This workshop will focus on the principle of Self-Determination which was championed by President Woodrow Wilson in the deliberations at the Paris Peace Conference. “History will be my judge” is a phrase often used by politicians when making important decisions that will impact on people’s lives. One hundred years after the peace treaties that ended World War I, you will take on the role of a United Nations Commission of Experts. They will review the extent to which the principle of Self-Determination (and subsequently the universal right of self-determination as specified in the United Nations International Covenants) was applied throughout the 20th century. Was it applied objectively or selectively to the claims of various national, ethnic and religious groups to independence or autonomy? To what extent has it always been subject to the practical considerations of international realpolitik? In order to answer these questions, you will work in sub-committees and analyse international decision making in three periods:
1919 – 1945: From the Paris Peace Conference to the end of World War II
1945 – 1990: The Cold War and the period of de-colonisation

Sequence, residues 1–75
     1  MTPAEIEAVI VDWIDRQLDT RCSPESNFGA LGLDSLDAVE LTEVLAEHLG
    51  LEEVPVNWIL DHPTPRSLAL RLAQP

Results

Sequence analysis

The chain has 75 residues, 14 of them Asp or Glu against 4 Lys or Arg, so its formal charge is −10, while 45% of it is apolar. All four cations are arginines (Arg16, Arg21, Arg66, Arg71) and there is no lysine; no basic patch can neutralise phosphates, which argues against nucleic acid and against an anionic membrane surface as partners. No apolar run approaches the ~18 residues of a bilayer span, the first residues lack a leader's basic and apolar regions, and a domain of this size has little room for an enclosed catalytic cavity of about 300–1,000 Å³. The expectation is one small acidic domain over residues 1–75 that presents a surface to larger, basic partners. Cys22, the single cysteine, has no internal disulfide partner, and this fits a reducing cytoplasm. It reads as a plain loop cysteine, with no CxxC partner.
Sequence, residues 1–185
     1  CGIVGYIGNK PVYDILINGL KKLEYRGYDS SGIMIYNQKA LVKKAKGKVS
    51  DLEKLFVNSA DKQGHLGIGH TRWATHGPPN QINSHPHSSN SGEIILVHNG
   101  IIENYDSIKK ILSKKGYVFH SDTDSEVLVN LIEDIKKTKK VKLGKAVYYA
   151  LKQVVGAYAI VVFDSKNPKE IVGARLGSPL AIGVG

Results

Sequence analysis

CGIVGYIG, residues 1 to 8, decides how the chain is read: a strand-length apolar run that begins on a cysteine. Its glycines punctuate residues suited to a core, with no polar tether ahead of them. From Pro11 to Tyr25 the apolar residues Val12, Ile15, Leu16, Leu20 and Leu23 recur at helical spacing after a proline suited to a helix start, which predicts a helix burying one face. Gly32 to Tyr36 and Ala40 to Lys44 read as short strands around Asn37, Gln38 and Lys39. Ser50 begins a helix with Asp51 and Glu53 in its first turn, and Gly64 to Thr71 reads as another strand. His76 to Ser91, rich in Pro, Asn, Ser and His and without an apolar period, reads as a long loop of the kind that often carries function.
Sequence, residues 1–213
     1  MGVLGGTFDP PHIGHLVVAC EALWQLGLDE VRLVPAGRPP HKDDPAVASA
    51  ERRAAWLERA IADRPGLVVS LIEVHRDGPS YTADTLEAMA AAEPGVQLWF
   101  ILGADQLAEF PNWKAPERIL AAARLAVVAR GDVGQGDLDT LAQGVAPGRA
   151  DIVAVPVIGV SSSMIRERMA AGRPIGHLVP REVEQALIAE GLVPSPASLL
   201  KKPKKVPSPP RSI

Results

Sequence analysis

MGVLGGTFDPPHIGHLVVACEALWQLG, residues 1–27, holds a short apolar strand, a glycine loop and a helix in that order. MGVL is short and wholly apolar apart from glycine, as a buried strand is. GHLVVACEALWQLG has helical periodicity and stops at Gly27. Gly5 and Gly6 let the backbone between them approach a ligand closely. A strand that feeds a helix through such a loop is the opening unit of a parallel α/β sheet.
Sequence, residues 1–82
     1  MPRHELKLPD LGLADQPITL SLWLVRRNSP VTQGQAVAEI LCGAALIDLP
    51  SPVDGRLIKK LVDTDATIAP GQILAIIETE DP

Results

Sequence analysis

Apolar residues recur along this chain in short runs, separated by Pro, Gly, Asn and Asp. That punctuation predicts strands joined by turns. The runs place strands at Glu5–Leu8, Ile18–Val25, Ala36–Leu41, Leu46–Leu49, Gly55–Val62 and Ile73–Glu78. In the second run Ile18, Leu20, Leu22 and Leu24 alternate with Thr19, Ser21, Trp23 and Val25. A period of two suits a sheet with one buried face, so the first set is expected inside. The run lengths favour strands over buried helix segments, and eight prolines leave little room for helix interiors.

1990 – Today: From the end of Communism in Central and Eastern Europe to the present day
The sub-committees will then come together to report and to jointly make recommendations to the Office of the Commissioner for Human Rights. The goal is to show ways in which the universal right of self-determination might be re-drafted in the UN conventions to make it more specific and to take account of changing circumstances in the world.
This workshop is provided by
The European Association of History Educators (EUROCLIO) is an umbrella association of more than seventy history, heritage, and citizenship educators’ associations and other organisations active in the field. The organisation was established in 1992 on request of the Council of Europe. Since then, EUROCLIO has worked in many European countries and beyond on a large variety of issues related to the learning and teaching of history.
UTE ACKERMANN BOEROS
- Was a state examination in History, English and Italian (University of Tubingen, Germany) as well as a Masters Degree in International Relations (University of Nicosia, Cyprus)
- Department Head of Social Studies as well as History and Theory of Knowledge teacher at the American International School in Cyprus
- Special interests in History of the 20th century and International Relations
- Former lecturer in modern political history at University of London and Deputy Director of Evaluation and Policy Studies at the National Foundation for Educational Research
- Before his retirement in 2012, he was a Senior Research Fellow and Director of the Blueprint Research Centre at the University of Edinburgh
- Editor-in-chief of Historiana, a history education website promoted by EUROCLIO